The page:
Days after a drone forced firefighting aircraft out of the sky over a raging wildfire in Arizona, the drone's pilot is facing charges, the AP reports. The Yavapai County Sheriff's Office arrested Gene Alan Carpenter Friday on 14 counts of felony endangerment and one misdemeanor count of unlawful operation of an unmanned aircraft. In a press release, the office said the 54-year-old Prescott Valley native endangered 14 aircraft and fire crews "with a substantial risk of imminent death or physical injury by flying an unmanned drone aircraft in closed airspace above an active fire area." The Goodwin fire has burned more than 25,000 acres of the Prescott National Forest since last Saturday. More than 1,200 firefighters have been involved in quelling the blaze.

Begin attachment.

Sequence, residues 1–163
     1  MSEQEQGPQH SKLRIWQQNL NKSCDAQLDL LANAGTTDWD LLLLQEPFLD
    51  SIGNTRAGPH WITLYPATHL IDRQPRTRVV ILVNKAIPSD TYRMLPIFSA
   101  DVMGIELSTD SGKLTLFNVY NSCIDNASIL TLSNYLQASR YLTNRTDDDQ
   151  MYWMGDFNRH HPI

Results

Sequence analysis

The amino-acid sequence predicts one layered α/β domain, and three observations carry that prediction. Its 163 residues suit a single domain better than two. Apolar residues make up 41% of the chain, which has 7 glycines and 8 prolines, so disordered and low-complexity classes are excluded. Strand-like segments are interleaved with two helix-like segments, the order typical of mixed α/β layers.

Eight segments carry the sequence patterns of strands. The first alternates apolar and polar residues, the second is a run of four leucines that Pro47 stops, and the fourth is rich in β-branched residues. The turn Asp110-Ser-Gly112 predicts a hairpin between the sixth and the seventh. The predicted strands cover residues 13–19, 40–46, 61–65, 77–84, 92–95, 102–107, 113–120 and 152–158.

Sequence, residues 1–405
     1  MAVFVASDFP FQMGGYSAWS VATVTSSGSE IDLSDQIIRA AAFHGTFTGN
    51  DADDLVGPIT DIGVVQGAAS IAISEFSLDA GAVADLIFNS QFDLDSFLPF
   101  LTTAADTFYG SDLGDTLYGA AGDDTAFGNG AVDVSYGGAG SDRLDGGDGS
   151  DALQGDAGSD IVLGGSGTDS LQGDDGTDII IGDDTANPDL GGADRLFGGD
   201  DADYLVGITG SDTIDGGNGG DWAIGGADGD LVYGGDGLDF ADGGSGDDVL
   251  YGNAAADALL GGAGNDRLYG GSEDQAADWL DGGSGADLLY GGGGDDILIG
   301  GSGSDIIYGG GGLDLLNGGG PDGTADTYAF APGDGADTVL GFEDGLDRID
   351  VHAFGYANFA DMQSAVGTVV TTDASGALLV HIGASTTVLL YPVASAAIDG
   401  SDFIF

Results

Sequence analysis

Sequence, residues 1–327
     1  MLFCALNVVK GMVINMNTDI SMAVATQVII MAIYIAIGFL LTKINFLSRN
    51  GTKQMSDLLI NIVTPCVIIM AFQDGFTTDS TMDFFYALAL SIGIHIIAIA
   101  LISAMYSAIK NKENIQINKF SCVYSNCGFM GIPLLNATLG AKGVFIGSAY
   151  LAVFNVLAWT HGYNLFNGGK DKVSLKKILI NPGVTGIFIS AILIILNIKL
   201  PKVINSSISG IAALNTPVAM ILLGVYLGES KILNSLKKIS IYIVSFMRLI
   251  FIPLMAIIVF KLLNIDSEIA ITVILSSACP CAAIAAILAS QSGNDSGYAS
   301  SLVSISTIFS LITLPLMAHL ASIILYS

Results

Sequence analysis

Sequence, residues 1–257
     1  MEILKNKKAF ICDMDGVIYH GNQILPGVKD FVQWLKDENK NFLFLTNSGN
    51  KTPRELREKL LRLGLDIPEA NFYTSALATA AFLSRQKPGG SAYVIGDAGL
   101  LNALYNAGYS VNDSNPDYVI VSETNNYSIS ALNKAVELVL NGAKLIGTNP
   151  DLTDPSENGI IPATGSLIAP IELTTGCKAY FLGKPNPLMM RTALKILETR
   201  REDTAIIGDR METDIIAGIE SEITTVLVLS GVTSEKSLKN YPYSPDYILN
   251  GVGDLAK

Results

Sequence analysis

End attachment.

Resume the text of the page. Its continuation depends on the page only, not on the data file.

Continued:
The drone was spotted flying near the fire Wednesday around 7pm by an air attack pilot, reports the Arizona Republic. When the drone began circling the plane, officials grounded all the aircraft in the area, including five helicopters, three large air tankers, and five heavy air tankers. Because they lacked air cover, ground crews fire were called back as well. Numerous witnesses say they saw Carpenter operating a drone in the area throughout the week, and officials arrested him Friday after finding drone views of the fire on his website. Carpenter's bond was set at $25,000. Arizona passed a law last year making it illegal for drones to impede emergency or law-enforcement activities. (In Washington state, a man received a jail sentence after his drone crashed.)